How NARM conceptualizes the five core adaptive survival styles that emerge from early relational trauma

The NeuroAffective Relational Model (NARM) is a clinical approach to working with complex trauma that affects both the body and the mind. NARM is based on the premise that early relational trauma, such as abuse, neglect, or abandonment, can disrupt the development of a coherent sense of self and impair the capacity for self-regulation and connection. NARM aims to address these developmental disruptions by working with five core adaptive survival styles that emerge from different stages of childhood development. These survival styles are:

connection Survival Style

This style develops when there is a lack of attunement or connection with the primary caregiver in the first year of life. It leads to a sense of emptiness, isolation, and shame, and a difficulty trusting oneself and others.

connection refers to the quality of our relationships with ourselves and others. It is influenced by our early attachment experiences, which shape our sense of trust, security and belonging. connection also involves our ability to attune to our own and others’ emotions, needs and desires. When we feel connected, we experience a sense of wellbeing, vitality and meaning.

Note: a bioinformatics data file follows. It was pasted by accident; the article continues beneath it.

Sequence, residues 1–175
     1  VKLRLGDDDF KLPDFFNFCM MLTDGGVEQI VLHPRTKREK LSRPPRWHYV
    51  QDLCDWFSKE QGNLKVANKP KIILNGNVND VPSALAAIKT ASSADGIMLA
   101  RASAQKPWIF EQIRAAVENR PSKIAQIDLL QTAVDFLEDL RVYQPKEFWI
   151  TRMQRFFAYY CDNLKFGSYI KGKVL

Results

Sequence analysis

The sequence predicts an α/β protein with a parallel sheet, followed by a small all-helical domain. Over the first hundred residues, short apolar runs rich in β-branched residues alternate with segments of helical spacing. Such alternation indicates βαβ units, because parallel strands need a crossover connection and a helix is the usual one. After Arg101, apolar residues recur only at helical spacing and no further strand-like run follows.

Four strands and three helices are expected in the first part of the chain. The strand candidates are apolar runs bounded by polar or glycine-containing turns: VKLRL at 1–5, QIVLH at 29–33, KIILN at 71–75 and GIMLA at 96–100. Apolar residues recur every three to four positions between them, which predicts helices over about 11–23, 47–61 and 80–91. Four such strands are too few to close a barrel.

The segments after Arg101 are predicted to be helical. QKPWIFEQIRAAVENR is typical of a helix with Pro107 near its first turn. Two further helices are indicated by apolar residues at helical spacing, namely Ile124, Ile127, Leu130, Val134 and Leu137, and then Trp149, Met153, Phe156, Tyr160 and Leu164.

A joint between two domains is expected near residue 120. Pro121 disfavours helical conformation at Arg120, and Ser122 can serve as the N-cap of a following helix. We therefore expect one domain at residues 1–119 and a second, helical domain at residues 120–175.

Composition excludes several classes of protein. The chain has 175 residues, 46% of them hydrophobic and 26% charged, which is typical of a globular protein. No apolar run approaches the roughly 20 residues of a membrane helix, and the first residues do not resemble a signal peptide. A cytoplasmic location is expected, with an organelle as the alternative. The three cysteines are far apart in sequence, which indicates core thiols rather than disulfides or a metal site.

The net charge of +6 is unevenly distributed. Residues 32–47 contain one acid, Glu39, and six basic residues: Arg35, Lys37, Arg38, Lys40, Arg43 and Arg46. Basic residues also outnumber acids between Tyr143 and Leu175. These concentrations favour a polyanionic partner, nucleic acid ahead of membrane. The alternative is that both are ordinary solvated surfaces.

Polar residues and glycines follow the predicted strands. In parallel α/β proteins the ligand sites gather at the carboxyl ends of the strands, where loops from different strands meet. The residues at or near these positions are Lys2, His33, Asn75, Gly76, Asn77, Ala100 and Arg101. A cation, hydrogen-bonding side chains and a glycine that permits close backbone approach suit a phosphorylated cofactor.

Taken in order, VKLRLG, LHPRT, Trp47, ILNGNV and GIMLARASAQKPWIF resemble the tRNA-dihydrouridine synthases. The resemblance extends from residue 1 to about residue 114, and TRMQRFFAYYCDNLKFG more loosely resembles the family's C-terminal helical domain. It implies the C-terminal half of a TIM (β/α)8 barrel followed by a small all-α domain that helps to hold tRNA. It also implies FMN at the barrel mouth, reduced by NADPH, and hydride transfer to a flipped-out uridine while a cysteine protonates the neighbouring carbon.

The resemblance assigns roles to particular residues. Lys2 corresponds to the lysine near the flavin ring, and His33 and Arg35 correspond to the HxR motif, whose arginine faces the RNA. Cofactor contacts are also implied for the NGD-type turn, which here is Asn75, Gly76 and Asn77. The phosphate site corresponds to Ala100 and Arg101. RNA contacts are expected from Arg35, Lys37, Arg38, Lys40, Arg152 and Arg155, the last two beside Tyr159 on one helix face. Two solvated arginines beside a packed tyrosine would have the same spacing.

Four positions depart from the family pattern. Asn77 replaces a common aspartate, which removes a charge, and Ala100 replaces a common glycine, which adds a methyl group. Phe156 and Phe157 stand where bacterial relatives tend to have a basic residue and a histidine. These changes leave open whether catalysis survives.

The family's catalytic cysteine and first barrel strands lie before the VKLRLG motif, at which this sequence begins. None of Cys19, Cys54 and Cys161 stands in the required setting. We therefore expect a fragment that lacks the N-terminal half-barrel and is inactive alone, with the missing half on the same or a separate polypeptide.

Survival Style is the term used by NARM to describe the adaptive strategies that we develop in response to relational trauma or chronic stress. It helps us cope with the challenges and threats that we face in our environment, but it also comes at a cost. Survival Style can limit our capacity for connection, as we may become defensive, avoidant, compliant or dissociated. Survival Style can also affect our sense of identity and competency, as we may lose touch with our authentic self and our potential.

The NARM framework suggests that by exploring the connection between our Survival Style and our early attachment experiences, we can gain insight into the root causes of our patterns of behaviour and emotion. We can also learn to recognize the signals that indicate when we are operating from Survival Style, and how to shift to a more connected and integrated state. By doing so, we can enhance our wellbeing, resilience and growth.

Autonomy Survival Style

This style develops when there is a lack of support for the child’s emerging autonomy and exploration in the second year of life. It leads to a sense of fear, anger, and resentment, and a difficulty setting boundaries and asserting one’s needs.

Autonomy Survival Style is one of the five survival styles that NARM identifies as adaptive responses to developmental trauma. It refers to the tendency of some trauma survivors to cope by becoming overly independent, self-reliant and detached from others. They may have difficulty trusting others, asking for help, or expressing their needs and emotions. They may also struggle with intimacy, vulnerability and interdependence.